Intel builds its microserver, ARM hedges

Intel builds its microserver, ARM hedges

Summary: Intel doesn't do wimpy chips and made its name pushing performance. But just in case this crazy microserver thing takes off Intel wants you to know it has a master plan.

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Intel doesn't do wimpy chips and made its name pushing performance. But just in case this crazy ARM-based microserver thing takes off Intel wants you to know it has a master plan.

In a briefing Tuesday, Intel executives rolled out its plan for microservers, small low-power units that are used in large-scale environments deployed by the likes of Facebook. The plan: Release new Xeons that are built for microservers.

ARM Holdings has been very clear that it wants to take a chunk of the server market---specifically Intel's piece of the pie. Intel, however, has worked with Seamicro, Dell, Supermicro and others to show that its chips can be used as low-power server processors too.

Now the Xeon roadmap includes microservers, which are expected to be about 10 percent of the overall server market in the next four to five years.

Here's a look at Intel's money slide from its microserver talk:

Intel also launched a microserver lab and brought out Gio Coglitore, director of Facebook Labs, to talk microservers. According to Coglitore, Facebook has been experimenting with microservers and may plot a big deployment in late 2011 or 2012.

Now Intel would argue that high powered chips are the best choice in most cases. A Google paper also makes that case. But if the market wants wimpy, Intel will do that too.

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Topics: Servers, Hardware, Intel, Networking, Processors

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10 comments
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  • SOHO's, SMB's and enthusiasts will benefit from this

    I've often said that there is a huge market for SFF servers for SMB's and SOHO businesses. Home enthusiasts looking for a better-than-a-NAS device are also well suited to a full-featured server computer for housing all their home media. I know that we've had a great success selling Mini-ITX/DTX server systems based on SuperMicro's Atom boards. I'd like to see the server platforms include more capable (but power-friendly) server-grade processors. One application is for a media streaming server to do video transcoding. A lot of current processors will do this extremely well (think AMD Fusion). The big problem is that there aren't a lot of server-centric motherboard options with features like BMC, dual GbE, and no audio, along with Windows Server validation.
    Joe_Raby
    • RE: Intel builds its microserver, ARM hedges

      @Joe_Raby
      A very good and informative article indeed . It helps me a lot to enhance my knowledge, I really like the way the writer presented his views.
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      jackfolla
  • RE: Intel builds its microserver, ARM hedges

    This is really great. As a home office worker, I could really use this and run my systems smoothly.
    Ram U
  • There will be a HUGE market for servers that can do the same job with less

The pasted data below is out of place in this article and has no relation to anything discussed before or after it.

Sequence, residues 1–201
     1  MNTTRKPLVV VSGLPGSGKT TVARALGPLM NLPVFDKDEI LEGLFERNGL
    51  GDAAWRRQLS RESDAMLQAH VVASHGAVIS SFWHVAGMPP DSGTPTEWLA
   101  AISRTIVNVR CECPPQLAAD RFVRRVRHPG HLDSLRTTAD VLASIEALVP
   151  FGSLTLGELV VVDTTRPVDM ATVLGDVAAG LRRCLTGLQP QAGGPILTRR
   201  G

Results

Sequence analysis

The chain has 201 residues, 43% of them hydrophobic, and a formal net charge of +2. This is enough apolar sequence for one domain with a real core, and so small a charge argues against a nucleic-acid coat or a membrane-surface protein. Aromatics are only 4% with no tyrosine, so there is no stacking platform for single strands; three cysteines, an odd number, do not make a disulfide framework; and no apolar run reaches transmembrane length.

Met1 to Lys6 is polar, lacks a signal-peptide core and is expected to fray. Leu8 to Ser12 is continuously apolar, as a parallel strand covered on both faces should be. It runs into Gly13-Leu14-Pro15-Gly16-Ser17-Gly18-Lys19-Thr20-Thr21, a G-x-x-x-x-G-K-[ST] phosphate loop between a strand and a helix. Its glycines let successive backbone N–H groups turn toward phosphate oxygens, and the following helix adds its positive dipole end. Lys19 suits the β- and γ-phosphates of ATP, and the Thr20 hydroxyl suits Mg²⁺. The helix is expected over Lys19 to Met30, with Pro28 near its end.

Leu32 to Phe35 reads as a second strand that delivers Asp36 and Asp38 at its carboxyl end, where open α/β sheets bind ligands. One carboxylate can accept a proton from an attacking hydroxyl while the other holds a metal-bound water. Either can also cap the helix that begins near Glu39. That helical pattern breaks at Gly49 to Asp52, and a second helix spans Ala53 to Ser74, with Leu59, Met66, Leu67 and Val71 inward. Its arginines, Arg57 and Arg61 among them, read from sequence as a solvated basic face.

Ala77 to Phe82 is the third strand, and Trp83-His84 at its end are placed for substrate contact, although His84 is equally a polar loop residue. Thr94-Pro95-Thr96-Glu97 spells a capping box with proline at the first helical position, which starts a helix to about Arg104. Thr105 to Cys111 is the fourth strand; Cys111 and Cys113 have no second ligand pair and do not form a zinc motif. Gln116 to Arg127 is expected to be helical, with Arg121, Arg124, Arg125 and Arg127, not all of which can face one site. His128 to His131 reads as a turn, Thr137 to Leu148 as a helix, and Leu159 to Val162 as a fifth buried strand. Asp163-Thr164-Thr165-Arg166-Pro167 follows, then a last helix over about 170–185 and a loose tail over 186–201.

watts, but, take longer to do it. That said, a lot of work loads are time critical, and companies will be willing to throw more watts at a workload so that individual jobs complete faster.
    DonnieBoy
  • And, no reason to call them micro servers, they can be MASSIVE, they just

    use less watts for the same throughput, but, of course individual jobs will take longer to complete.
    DonnieBoy
  • RE: Intel builds its microserver, ARM hedges

    Excellent! The single biggest step one can take in a data center to improve overall energy consumption is to use the lowest power processor to get the job done. This is Step One of a ten-step Energy Logic road map for data center energy efficiency.

    Congratulations to Intel for getting on board with the concept!

    http://www.emerson.com/edc/page/Energy-Logic-Actions.aspx
    jpouchet
  • RE: Intel builds its microserver, ARM hedges

    Microservers are meh, its better to have large powerful servers than a bunch of weak ones
    Jimster480
    • Not always

      @Jimster480

      I would say that redundancy is easier on a hardware level with more cheap chips than fewer more-expensive ones. Also, there's the argument that virtualization is just another form of vendor lock-in.
      Joe_Raby
      • RE: Intel builds its microserver, ARM hedges

        I would say that redundancy is easier on a hardware level with more cheap chips than fewer more-expensive ones. Also, there's the argument that virtualization is just another form of vendor lock-in. <a href="http://www.affordabledegrees.com/ADA/mp.asp">online masters degree</a> | <a href="http://www.affordabledegrees.com/ADA/ap.asp">online associate degree</a> | <a href="http://www.affordabledegrees.com/ADA/dp.asp">online doctorate degree</a> | <a href="http://www.affordabledegrees.com/ADA/hp.asp">diploma high school</a>
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  • RE: Intel builds its microserver, ARM hedges

    Having previously used some Small Form Factor Dell 1U servers in the past, there is a huge potential market for SFF server that fit in a standard wallmount comms cabinet, with a small similar sized UPS protecting it.

    Same size as a Switch, 2-4 SAS 1Tb drives, Dual NIC, a handful of USB ports, HDMI outpout. Little else would be needed.
    neilpost